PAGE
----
Which is Better? The answer to this question may depend on your fitness level, goals and preferences. Both free weight exercises and strength training machine exercises have definite pros and cons…
*my article was originally published on fitnessgoals.com
Machines are safer.
Variable resistance machines provide beginners with a safe starting point as they get used to lifting and begin to build muscular strength and endurance. Working within a single plane of motion, machines take on more control throughout the exercise, guiding you through the movement and thus reducing the risk for injury. Translation: If you’re new to this whole thing, machines might be your best bet. If you’re working out on your own without a spotter, machines add extra safety. Added bonus: Most fitness centers train their staff to help you use the machines, and may even offer you a free tutorial.
Machines isolate muscle groups.
Machines provide a great option for those who are recovering from injuries. They isolate muscle groups to a greater extent than free weights. If you’re looking to strengthen a specific area of your body, this may be the way to go.
Free weights are more efficient.
Research tells us that using free weights will get you stronger, quicker. Because many free weight exercises utilize multiple muscle groups simultaneously, you’ll also improve your coordination, joint stability and balance. You may also lose weight quicker with free weights because these multi-joint moves burn more calories. Because you’re required to move throughout multiple planes and use a broader range of motion, free weight exercises are often more challenging than machine exercises.
Free Weights Can Be More Fun.
With machines, you get what you get–which is the same movement over, and over, and over. This movement may feel unnatural or even uncomfortable to you. Dumbbells allow for more freedom of movement and more accurately mimic actions you’d perform in day-to-day life. Anyone with a set of weights can easily mix up their routine to keep their workouts from turning too ho-hum. And, diversity in your workouts keeps your body “on its toes” and less likely to experience a plateau in progress.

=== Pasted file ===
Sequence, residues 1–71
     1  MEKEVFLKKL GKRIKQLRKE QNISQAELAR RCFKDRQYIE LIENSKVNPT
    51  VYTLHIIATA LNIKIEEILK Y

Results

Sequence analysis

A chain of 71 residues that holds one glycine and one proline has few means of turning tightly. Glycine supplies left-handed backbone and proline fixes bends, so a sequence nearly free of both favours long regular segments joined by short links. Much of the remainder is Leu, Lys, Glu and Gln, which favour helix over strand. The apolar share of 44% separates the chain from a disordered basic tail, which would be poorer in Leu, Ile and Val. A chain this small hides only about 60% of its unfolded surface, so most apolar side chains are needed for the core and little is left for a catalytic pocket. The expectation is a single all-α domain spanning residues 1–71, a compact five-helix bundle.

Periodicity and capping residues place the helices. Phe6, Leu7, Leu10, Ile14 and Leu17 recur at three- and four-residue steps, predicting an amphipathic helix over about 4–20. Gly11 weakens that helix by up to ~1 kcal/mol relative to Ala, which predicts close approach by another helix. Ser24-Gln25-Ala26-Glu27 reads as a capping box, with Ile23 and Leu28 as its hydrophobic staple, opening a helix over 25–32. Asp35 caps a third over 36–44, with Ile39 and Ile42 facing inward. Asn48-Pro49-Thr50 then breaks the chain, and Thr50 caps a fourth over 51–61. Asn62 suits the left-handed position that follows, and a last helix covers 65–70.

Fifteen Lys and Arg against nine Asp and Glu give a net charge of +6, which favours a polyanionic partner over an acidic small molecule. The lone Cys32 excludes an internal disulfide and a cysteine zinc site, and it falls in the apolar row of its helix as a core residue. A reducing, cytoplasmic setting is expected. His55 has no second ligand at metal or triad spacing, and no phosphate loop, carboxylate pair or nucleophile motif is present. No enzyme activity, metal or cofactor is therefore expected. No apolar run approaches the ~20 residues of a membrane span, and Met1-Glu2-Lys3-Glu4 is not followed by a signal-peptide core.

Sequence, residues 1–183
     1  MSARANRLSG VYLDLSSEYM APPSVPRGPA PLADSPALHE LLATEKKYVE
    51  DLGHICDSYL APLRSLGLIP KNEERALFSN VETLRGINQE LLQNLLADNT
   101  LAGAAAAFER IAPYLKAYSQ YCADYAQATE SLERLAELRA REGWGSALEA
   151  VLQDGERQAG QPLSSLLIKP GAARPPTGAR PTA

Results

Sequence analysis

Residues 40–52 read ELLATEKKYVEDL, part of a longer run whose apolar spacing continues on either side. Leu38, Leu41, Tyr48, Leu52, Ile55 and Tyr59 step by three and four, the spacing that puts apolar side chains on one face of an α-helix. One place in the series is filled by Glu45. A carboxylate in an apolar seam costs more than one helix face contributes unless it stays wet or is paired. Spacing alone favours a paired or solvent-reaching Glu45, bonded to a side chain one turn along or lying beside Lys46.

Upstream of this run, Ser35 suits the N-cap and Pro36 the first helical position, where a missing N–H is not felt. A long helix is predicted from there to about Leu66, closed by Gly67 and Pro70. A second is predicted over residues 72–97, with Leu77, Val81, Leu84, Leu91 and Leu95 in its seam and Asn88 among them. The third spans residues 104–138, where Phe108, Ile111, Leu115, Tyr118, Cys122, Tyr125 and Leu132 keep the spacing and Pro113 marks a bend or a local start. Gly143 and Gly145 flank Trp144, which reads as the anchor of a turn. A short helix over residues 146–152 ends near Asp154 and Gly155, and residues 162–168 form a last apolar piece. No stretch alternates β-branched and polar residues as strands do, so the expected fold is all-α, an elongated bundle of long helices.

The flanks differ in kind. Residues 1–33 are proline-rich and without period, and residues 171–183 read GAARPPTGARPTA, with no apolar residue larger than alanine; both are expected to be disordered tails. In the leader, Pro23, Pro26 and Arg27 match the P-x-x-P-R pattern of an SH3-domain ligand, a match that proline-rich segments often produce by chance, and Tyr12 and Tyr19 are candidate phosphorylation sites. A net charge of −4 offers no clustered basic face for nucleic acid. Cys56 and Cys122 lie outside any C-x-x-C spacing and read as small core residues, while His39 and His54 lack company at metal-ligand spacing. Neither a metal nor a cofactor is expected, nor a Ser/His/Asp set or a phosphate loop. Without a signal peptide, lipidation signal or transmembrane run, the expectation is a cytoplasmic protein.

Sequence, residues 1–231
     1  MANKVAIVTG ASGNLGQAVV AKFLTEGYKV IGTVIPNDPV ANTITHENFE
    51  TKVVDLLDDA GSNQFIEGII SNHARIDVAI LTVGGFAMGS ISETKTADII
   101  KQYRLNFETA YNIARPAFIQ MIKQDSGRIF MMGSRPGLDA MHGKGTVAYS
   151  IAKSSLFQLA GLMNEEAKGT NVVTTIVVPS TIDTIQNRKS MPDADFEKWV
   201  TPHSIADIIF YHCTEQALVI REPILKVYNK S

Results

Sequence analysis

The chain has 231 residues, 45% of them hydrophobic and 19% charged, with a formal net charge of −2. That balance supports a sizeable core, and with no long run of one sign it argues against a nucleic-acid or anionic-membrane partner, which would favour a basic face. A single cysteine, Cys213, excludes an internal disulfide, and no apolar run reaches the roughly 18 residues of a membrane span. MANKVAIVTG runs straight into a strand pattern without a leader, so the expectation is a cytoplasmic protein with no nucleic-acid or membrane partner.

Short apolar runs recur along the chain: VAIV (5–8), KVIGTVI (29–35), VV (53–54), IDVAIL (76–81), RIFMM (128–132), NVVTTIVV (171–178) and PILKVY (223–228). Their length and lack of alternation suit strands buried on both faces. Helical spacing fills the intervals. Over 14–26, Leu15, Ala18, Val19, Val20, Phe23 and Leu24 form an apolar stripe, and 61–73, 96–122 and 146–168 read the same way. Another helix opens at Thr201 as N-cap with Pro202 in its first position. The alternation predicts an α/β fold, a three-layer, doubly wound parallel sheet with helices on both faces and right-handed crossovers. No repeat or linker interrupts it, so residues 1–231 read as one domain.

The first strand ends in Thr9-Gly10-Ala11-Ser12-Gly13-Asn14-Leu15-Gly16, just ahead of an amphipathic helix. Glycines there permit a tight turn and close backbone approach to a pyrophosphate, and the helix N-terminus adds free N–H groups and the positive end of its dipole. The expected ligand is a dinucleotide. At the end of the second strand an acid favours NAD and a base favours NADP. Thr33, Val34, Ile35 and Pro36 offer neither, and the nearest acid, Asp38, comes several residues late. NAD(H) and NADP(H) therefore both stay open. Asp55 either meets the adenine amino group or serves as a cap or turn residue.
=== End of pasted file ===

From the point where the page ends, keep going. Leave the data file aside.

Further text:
Free Weights Require Instruction.
Because using free weights requires additional balance, coordination, and attention to form, you should learn about proper technique before jumping in. If you’re using heavy free weights, you’ll need a spotter to help you transition between moves. Conversely, you can make quick weight changes on machines by simply by adjusting the pin on a weight stack, allowing you to experiment with heavier weight on your own.
Bottom line? Do what suits you.
What type of workout are you more comfortable with and more likely to stick to? Maybe you’ll do best with a mix of both free weights and machines. If you’ve been strength training for awhile, maybe branching out to free weights would keep your workouts fresh and improve your results. Either way, you’ll sculpt your body, burn calories and get stronger. And that’s way better than no strength training at all.
Source:Spennewyn KC. Strength outcomes in fixed versus free-form resistance equipment. Journal of Strength and Conditioning Research. 2008;22:75